Review | Unlikely sommeliers taste glory in ‘Blind Ambition’

Blind Ambition | Dir: Warwick Ross | ★ ★ ★ ★ ★  

It is a successful formula for documentary makers to follow a group of competitors who are destined for success, often against the odds, in their chosen field, whether it is spelling, singing, swimming, sprinting, skateboarding or tobogganing.

This time the competition is the annual World Blind Wine Tasting, held in Burgundy in France. The competitors are four refugees who have escaped Zimbabwe’s tyranny to live in South Africa. Joseph, Tinashe, Marvin and Pardon needed to work to send money back to their families in Zimbabwe and, despite never having never drunk wine before coming to South Africa, each worked their way up to become sommeliers.

Each one tells their story of surviving adversaries greater than most people can imagine. This is inspiring enough, but when they get together to train to compete in a world-wide competition to become the best wine tasters, the support they garder is overwhelming and we follow their journey with unbelievable anticipation.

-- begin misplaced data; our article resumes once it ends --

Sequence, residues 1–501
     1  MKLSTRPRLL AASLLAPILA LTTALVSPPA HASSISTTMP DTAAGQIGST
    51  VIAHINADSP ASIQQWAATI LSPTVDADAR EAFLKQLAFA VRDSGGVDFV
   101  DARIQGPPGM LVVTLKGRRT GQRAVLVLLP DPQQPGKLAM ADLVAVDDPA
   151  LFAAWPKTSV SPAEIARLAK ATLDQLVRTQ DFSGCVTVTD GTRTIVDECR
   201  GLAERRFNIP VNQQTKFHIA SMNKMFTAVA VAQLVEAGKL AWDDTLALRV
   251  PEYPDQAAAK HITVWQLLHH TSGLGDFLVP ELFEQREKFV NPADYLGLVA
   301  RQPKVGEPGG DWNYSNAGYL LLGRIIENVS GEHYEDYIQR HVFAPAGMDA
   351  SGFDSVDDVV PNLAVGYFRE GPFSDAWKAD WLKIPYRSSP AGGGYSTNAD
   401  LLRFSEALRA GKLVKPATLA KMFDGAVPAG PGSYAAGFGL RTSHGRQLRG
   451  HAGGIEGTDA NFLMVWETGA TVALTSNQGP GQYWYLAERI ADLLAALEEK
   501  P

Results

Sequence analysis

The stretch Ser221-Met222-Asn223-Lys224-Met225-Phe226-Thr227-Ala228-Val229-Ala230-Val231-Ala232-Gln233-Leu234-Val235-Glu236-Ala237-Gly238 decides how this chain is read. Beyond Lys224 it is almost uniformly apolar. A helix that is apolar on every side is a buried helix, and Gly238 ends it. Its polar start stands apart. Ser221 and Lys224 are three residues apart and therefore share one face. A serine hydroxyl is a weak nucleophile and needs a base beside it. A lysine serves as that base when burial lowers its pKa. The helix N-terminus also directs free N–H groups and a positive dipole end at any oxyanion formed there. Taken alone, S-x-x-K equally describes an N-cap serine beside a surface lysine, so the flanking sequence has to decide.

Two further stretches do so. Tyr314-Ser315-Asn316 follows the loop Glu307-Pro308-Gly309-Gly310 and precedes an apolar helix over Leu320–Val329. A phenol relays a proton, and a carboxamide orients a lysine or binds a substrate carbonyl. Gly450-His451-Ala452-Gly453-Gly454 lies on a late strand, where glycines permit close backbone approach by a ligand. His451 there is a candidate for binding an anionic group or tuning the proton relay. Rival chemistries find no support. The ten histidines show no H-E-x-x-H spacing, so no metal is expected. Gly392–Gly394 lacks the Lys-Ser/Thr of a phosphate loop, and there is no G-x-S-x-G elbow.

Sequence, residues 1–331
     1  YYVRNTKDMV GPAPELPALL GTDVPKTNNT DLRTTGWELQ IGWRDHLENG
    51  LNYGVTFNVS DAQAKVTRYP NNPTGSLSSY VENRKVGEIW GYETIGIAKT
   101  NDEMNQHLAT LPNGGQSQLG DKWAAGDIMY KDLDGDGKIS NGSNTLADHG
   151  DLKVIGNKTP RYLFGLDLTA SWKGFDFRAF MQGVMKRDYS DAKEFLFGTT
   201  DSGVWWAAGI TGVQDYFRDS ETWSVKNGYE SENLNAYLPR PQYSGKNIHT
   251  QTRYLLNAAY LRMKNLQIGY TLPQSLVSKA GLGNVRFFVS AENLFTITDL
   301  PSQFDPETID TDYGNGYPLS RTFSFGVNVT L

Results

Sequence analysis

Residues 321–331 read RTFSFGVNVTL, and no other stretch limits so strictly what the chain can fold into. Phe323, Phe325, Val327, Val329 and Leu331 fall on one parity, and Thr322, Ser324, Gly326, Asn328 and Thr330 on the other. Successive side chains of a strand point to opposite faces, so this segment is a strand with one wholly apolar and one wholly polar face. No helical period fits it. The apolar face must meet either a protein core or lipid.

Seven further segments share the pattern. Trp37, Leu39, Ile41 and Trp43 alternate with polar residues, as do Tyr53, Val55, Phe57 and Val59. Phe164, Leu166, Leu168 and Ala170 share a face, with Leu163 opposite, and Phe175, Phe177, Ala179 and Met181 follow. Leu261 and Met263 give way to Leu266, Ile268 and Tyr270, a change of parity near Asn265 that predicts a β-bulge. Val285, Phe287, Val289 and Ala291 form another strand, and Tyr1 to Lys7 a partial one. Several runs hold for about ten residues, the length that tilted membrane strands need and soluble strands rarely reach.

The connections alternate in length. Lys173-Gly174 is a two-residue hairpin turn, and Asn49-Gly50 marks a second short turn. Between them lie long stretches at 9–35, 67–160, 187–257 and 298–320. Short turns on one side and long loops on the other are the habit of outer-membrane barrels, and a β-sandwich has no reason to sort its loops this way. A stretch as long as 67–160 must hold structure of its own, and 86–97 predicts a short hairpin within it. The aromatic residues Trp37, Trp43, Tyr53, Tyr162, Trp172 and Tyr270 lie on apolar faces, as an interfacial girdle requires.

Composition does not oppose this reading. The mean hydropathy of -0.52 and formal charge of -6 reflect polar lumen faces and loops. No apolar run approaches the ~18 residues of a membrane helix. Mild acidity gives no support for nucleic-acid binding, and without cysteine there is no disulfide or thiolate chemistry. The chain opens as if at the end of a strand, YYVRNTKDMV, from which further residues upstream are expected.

Of course it is terribly optimistic that a group of people from desperately poor circumstances in a non wine producing country will trounce the rest of the world, but you just have to cheer them on. Despite the sacrifices they have made and even the near-death experiences, the four men confront life with positivity and humour.

They certainly make a splash when they arrive in the middle of the privileged world of wine tasting … in France no less. Having to identify the country, region, vintage and grape variety in blind tastings in a strict time limit, the documentary describes them as “if Egypt put together a team of skiers to compete in the Winter Olympics”.

How do you identify blueberry, strawberry and peach overtones in the wine if you’ve never tasted these fruits? It is a big leap just to be standing next to the best wine tasters in the world, and when their chance to prove themselves in almost derailed by an eccentric wine expert they take on as a coach, it looks as if their dreams will have to be put on hold.

Lezly Herbert

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